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Put Education Over Politics : Democrats should acquiesce on Bergeson as Honig's replacement

April 21, 1993

The campaign by Assembly Speaker Willie Brown (D-San Francisco) to block the nomination of Sen. Marian Bergeson (R-Newport Beach) as state superintendent of public instruction reached a predictable outcome Monday with an Assembly committee vote against her confirmation--all the "no" votes were Democrats, all the "yes" votes Republican.

That vote will be followed by the floor vote, expected Thursday. For the nomination to survive and move on to the Senate, Bergeson must get the support of at least 10 Democrats willing to go against the powerful Speaker.

All of this maneuvering comes against a candidate who has the credentials for the job as a former teacher, school board member and respected Sacramento legislator. Bergeson does not harbor any illusions about the political process. But neither does she deserve to be tarred and feathered as some darling of the Religious Right.

The reality is that Bergeson, named to succeed Bill Honig, is about as good a Republican nomination as is likely to be issued from the office of Gov. Pete Wilson. Depending on how this all plays out, it's conceivable that the alternative to Bergeson could be no superintendent of public instruction until an election is held next year.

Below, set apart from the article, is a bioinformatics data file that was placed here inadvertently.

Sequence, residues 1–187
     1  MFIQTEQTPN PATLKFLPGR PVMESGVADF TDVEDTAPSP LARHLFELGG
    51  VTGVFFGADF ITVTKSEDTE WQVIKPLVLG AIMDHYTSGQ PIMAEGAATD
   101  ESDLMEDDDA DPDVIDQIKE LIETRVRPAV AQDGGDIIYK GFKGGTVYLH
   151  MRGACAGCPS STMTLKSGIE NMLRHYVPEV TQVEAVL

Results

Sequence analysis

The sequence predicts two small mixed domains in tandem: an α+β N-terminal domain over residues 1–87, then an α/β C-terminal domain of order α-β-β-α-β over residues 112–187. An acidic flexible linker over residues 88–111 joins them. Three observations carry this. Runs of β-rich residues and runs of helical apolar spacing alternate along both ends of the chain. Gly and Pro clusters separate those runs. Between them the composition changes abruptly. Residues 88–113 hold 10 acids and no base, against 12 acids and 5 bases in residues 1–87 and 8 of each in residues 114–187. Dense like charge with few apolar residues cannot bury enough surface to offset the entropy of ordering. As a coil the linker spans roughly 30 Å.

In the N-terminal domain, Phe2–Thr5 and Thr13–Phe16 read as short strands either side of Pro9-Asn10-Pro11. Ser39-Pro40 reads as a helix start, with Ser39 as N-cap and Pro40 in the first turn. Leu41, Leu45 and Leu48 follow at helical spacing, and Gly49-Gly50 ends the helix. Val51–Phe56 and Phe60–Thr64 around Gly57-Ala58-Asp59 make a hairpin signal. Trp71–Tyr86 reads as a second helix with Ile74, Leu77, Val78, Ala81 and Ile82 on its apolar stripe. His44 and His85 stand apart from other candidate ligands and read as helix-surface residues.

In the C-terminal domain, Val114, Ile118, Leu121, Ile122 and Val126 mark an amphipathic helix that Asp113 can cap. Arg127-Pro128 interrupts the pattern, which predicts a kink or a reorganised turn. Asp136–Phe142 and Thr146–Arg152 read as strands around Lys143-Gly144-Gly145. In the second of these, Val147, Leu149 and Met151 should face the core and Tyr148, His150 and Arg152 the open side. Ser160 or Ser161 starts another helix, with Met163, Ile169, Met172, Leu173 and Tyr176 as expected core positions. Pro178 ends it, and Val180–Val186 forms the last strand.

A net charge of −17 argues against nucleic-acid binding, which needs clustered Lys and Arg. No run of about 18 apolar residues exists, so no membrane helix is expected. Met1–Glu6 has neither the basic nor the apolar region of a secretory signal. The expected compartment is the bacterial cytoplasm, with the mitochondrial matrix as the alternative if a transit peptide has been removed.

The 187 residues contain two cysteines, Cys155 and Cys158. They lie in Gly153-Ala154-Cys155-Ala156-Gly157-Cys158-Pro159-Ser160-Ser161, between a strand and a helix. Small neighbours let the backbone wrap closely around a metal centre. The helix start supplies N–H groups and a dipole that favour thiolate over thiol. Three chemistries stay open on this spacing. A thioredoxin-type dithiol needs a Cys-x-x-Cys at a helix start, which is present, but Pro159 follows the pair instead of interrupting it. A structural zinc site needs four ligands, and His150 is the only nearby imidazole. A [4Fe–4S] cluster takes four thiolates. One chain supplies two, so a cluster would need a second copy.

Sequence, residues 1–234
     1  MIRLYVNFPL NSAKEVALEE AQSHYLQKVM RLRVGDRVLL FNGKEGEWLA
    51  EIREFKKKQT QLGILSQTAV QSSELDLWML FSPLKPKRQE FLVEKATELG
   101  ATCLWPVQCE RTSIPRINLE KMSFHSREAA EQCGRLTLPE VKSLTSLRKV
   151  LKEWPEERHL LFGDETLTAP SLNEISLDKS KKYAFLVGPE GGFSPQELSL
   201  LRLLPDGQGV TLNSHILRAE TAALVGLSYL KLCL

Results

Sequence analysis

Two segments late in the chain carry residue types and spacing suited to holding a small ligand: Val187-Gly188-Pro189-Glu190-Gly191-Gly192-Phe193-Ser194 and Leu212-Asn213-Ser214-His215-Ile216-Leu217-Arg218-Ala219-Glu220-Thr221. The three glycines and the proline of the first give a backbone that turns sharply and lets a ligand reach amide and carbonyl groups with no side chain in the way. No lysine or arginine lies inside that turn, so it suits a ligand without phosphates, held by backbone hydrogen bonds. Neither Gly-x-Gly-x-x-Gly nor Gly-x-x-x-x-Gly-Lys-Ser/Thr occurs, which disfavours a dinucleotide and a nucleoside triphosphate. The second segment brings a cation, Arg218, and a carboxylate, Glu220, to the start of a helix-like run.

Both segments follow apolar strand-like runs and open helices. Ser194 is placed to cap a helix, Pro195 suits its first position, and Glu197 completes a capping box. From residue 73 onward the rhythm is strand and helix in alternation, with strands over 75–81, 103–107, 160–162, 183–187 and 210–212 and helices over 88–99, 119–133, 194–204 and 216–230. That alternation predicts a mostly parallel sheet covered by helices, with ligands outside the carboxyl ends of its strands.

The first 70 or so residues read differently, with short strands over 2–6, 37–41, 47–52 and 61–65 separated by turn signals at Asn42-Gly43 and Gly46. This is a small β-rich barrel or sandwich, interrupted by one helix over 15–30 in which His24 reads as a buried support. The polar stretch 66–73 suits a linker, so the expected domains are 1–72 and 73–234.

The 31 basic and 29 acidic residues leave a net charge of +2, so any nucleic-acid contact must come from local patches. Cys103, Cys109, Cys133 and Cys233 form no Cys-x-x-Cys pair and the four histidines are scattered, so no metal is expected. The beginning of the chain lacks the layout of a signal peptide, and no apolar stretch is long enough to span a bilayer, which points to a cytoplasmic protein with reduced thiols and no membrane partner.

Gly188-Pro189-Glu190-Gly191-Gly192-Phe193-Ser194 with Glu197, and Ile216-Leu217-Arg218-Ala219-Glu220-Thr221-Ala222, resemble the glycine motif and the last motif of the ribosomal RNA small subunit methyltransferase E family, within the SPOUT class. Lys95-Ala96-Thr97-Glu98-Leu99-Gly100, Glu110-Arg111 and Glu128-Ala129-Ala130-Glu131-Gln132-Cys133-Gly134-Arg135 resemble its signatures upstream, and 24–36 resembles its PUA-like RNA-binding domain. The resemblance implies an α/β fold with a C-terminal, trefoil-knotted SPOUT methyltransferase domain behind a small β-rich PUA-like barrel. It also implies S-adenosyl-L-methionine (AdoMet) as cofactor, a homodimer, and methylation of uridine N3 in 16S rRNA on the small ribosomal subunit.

What a shame that would be for the state's education system, which needs a high-level advocate. And then, into the vacuum could come a bona fide extremist candidate. Clearly, Brown's insistence on a Democrat to replace Democrat Honig is unwarranted.

And the partisan bickering doesn't serve the public well. A governor, Republican or Democrat, makes appointments based on qualifications and yes, usually political affiliation. A nominee for a state job ought not be rejected only because she or he is of the same party as the governor. The Democrats might be sorry they took this tack the next time there is a Democratic governor, perhaps as early as next year.

What irony that all of this arises over a "nonpartisan office." The state's education needs should take precedence over politics.

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